Still—who owns what when we’re talking about artificial intelligence?
“It depends, is the answer,” says Talia Kosh, an attorney with Santa Fe’s Bennett Law Group and Albuquerque’s Blackgarden Law who specializes in intellectual property. “If a user enters, ‘Civil War landscape’ [into an app], the ideas themselves aren’t copyrightable—there can be variations of Civil War landscapes. Are they substantially similar to other works?”
Kosh says it’s even harder to nail down AI art law when it comes to fair use—a tricky corner of the law that allows for the use of copyrighted material without permission for things like criticism or parody.
“If I’m doing like the artist Richard Prince did, taking somebody’s original work and putting my own commentary on it, maybe making a joke or a parody, that can be considered transformative use,” she says. “There has also been case law that says two photographers can take the same photo of the same landscape in the same place and at the same time of day, but it’s about the angle, the lighting, the choices in composition—those are elements of originality.”
Prince printed out large scale versions of random Instagram users’ photos and sold them in galleries for absurd amounts in and around 2015. At the time, critics raised questions about ownership, and now even more than then, there’s no easy answer.
“[AI art] is so new that the law is still catching up,” Kosh tells SFR. “As suits are brought, the law will develop. The courts are much quicker to respond than the government.”
Santa Fe oil painter Amanda Banker, who has dabbled in NFTs, emphasizes the role of existing artists. Yes, she says, anyone can use AI, but those who have trained or self-taught or even just have more artistic experience will surely create more meaningful work than someone entering prompts they think are funny into an algorithm.
“What I’m interested in seeing…is the artists—the real artists—getting ahold of it, because I think that that’s where the distinction is gonna happen,” she says. “If I know artists, they’re gonna take it and they’re gonna run with it, and things that we have not seen yet, really incredible things, are gonna start to come out.”
In terms of creative jobs and the potential AI impact, Banker notes, “I think the people that actually have good taste will keep an artist around. The people who want to have a cheap, easy product, they’re the ones who are gonna drop the artist.”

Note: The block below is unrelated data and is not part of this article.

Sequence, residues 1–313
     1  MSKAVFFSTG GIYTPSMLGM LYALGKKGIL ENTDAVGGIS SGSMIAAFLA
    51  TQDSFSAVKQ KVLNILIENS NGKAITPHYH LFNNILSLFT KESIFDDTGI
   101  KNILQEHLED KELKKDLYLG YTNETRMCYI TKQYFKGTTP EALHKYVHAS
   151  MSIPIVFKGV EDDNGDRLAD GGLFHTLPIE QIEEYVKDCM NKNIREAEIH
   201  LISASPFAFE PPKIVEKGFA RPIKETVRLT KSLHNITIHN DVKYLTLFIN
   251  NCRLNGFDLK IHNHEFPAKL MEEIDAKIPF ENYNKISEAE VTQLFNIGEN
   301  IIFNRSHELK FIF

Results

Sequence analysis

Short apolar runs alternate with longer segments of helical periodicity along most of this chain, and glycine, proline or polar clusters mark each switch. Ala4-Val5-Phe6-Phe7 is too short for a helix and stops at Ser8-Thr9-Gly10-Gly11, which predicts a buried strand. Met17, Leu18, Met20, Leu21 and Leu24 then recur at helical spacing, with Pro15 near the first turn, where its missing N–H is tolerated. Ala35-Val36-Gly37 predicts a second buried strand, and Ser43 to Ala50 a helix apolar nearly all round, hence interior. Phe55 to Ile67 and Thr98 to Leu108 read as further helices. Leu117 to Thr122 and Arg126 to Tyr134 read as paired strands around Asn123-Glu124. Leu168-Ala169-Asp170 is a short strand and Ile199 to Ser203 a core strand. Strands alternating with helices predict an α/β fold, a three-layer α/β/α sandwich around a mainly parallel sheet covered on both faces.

The question remains for many artists though, whether AI or not: What defines “art” in the first place? If a person puts a prompt into an AI generator and it produces an image, is this person an artist?
Deco, the collage artist, has doubts.
“AI can generate illustrations, which may be beautiful, but cannot, by its definition, create to reflect the depth of the human soul,” she explains. “My art process is slow and painstaking and is entirely formed by hand. I am not afraid of technology; I do use a giclée process to reproduce my originals; I find this service expensive, but I pay for it willingly because it allows me to generate income. These giclée prints are beautiful and faithful to the original, but they are not ‘the real thing,’ not art.”
Banker takes the concept even further.
“What we think is going to happen is that it’s almost gonna be a Blade Runner situation, where physical art is going to become more and more valuable because AI artists are going to flood the market, and I think physical artists are actually going to end up being more valued,” she says. “I can go online and sign up for Stable Diffusion right now and generate however many images I ever want, could ever think of, and then print them to aluminum board—and they’ll look good, but it’s kind of like buying a poster at Cost Plus. These are millions and millions of prints made, so there’s really no individual value.”
Even if we consider human touch a necessary aspect of creation, Breeze points out how accessibility can be problematic, too. Who can afford access to the materials to regularly participate in physically created art?
“As a person and as an artist, AI is right now absolutely on the table,” Breeze says. “I’ve been talking about it here in rural Ghana working on a huge sculptural project in a foundry using these old techniques, and we’re talking about AI art, me and the other artists here—artists who work with their hands and traditional methods. I think that when we harness it, especially under-represented artists, artists of color, artists who don’t have a lot of accessibility to all of the tools of the world, when we are able to utilize some of the capacities of AI art, it’s basically a new language. It’s something we can harness.”
And, it seems, artists might have to learn how to do that. When it comes to AI art and generative apps, Pandora’s box has been opened—and there’s no shutting it now.
“I think it’s just a creative tool and I see it very similarly to photography, the computer, the resistance that people have against new technology. I think the power is the issue. Human beings tend to like to surrender to power,” Amster says. “So people have to stay on top of it if they care, and not surrender to the power of AI.”
And so it will go, in flux, at least for a time. Stable Diffusion is facing a lawsuit for using copyrighted artwork, and you’ll surely find many others in the works already; tech-savvy folks are already building new formats, too, such as ReachAI, which has an opt-out option for artists to request their work be removed from use in AI training. .
“We’ll just have to wait and see what happens,” Banker says. “It’s gonna be interesting.”